According to the Chancellor of the Ministry, Ana Selčinskienė, “the need for temporary accommodation for the residents of Ukraine is not diminishing, and as autumn and winter approach, it may even increase.

By granting state compensations, the Baltic authorities aim at stimulating housing owners to continue providing them to Ukrainians. This is further proof that the closure of protection points is only a temporary trend.

Moreover, according to the Lithuanian Ministry of Education, more than a thousand children from Ukraine arrived in the country this summer, and it is possible that this number will increase even more during the cold season. In July, local schools and municipalities were given recommendations on how to organize their education.

Thus, according to Leskauskaitė, during the upcoming heating period Lithuania will have to face the situation that was observed in Poland this spring.

“Poland has faced this already in the spring, when people were actually accommodated in large rooms, be it some arenas or other places with cots, mattresses and things like that. This will probably be the biggest challenge here – premises, catering, providing hygiene products, clothes or other necessities,” she said.

At the same time, the Ministry of Social Protection noted that it is still very difficult to predict the possible number of Ukrainians. This will directly depend on the progress of the SSR in Ukraine. From which we can conclude that there is no clear plan of action.

So far, representatives of the Ministry are analysing the situation together with other governmental agencies, non-governmental organisations and institutions.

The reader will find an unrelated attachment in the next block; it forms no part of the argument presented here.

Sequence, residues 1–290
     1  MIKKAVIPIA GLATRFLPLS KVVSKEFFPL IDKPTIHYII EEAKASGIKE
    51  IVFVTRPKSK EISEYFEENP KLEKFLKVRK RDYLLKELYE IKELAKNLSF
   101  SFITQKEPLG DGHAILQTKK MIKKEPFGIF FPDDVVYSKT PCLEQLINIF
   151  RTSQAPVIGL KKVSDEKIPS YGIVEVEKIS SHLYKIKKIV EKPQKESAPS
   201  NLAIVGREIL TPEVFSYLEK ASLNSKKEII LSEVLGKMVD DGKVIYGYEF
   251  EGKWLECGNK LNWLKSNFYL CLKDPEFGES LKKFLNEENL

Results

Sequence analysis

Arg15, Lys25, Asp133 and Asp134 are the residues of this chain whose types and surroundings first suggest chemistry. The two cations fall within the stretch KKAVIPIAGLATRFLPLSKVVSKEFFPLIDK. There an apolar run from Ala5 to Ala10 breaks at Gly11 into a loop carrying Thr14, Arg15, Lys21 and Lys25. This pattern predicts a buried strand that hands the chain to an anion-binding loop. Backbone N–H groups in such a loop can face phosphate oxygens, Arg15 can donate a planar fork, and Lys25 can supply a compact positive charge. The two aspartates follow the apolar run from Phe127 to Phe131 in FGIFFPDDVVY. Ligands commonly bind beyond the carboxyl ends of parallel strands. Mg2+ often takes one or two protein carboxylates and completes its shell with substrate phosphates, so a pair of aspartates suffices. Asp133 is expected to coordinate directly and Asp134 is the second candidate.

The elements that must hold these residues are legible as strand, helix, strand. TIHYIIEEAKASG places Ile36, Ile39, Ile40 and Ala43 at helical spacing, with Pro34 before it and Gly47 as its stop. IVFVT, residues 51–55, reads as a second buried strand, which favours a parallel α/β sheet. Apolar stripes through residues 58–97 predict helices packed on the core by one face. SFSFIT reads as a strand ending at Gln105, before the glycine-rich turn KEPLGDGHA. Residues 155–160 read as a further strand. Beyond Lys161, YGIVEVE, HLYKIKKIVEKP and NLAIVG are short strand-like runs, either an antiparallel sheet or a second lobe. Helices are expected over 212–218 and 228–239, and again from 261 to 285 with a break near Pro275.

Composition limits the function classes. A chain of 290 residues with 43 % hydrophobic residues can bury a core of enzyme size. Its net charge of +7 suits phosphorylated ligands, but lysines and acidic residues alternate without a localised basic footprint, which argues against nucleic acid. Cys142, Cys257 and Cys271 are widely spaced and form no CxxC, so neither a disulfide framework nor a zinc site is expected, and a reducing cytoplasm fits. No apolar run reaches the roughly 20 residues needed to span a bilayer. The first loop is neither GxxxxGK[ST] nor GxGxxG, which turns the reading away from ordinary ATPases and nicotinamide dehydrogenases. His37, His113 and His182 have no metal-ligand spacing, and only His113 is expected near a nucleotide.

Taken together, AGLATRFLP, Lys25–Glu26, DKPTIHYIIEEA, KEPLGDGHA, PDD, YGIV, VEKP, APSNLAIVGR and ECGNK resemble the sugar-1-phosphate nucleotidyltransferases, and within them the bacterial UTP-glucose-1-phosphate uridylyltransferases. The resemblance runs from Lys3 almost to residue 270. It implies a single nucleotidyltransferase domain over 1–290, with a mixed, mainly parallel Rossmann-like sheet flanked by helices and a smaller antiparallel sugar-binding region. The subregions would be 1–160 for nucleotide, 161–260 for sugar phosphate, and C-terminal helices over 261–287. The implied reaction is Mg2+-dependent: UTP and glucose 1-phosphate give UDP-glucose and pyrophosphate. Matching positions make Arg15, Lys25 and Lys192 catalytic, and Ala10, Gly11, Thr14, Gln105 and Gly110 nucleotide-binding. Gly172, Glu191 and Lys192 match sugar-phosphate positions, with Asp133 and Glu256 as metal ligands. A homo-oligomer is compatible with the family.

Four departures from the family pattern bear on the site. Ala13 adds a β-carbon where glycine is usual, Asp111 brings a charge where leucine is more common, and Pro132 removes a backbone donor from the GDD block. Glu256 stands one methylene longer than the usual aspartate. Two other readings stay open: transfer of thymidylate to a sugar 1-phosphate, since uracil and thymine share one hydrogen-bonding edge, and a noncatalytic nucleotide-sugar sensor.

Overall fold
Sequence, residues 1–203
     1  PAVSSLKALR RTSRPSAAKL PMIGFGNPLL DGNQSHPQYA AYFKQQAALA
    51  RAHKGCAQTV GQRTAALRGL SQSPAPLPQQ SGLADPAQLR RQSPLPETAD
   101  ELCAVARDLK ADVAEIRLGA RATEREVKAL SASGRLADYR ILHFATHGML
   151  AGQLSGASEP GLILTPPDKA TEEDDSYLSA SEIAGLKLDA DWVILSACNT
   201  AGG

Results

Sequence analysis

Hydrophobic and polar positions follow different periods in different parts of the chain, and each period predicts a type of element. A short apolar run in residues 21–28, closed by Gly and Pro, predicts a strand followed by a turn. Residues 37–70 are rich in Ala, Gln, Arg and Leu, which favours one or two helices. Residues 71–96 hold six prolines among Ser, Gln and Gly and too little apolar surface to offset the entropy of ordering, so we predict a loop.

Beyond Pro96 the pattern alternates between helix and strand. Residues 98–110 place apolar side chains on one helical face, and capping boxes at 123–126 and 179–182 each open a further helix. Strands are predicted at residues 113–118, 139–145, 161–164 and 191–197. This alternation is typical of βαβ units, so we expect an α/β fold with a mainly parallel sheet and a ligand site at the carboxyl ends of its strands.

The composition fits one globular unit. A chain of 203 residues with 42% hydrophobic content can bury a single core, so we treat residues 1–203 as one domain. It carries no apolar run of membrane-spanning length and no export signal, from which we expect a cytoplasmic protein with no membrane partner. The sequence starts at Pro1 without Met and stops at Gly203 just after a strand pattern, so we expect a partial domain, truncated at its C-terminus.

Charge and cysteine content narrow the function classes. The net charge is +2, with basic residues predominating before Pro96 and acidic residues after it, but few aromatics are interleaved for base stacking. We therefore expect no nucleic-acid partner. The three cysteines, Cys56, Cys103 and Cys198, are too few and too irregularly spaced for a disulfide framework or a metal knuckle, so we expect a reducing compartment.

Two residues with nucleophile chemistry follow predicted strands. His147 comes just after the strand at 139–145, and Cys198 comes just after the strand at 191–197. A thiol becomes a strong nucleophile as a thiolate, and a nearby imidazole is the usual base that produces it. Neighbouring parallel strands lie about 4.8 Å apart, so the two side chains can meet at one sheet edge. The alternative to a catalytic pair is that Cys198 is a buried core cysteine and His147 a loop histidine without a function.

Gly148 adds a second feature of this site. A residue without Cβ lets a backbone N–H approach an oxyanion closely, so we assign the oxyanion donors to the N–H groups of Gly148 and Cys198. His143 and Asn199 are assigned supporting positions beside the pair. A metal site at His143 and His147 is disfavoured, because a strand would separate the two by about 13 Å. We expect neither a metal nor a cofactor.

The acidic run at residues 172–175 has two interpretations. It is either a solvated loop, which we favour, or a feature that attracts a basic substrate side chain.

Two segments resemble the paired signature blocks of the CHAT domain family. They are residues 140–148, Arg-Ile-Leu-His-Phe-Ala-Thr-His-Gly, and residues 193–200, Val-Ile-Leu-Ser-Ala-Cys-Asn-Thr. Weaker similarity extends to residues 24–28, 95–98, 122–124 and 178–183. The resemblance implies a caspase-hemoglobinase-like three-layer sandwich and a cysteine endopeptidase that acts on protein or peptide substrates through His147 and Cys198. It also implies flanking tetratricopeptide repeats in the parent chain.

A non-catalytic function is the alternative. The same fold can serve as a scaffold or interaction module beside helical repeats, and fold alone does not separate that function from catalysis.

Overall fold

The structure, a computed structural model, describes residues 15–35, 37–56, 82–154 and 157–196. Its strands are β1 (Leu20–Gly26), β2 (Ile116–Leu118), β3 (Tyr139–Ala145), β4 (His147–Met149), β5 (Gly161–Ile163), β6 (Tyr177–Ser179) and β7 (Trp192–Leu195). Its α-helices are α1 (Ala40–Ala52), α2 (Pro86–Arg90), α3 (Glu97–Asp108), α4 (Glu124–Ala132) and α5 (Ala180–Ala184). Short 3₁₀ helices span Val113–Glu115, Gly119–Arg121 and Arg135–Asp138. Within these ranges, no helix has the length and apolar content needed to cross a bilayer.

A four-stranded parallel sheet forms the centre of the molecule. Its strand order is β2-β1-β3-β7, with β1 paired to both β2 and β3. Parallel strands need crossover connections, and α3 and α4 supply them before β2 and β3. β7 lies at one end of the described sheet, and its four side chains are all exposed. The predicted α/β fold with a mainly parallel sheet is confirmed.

Even before the EIA, the migration crisis on the Belarusian-Polish border showed that the Baltic states had an “original” approach to the issue of migrants, who at that time had become hostages of the aggressive foreign policy of the European Union towards Belarus.

It turned out that Middle Eastern populations fleeing from countries ravaged by NATO ‘peacekeepers’ are turned into notorious ‘Kremlin agents’, while assistance to the Russophobic Kiev regime is a ‘matter of honour’ for Vilnius in confronting Russia.

It is worth remembering that during last year’s migration crisis, Kiev itself sent Lithuania “humanitarian aid” in the form of 38 tonnes of barbed wire so that it could fence itself off from “Kremlin agents”. So there is an act of solidarity. What cannot be taken away from present-day Europeans, it is the ability to create problems for themselves and then “heroically” try to overcome them.

Nikolai Ulyanov, Rubaltic.Ru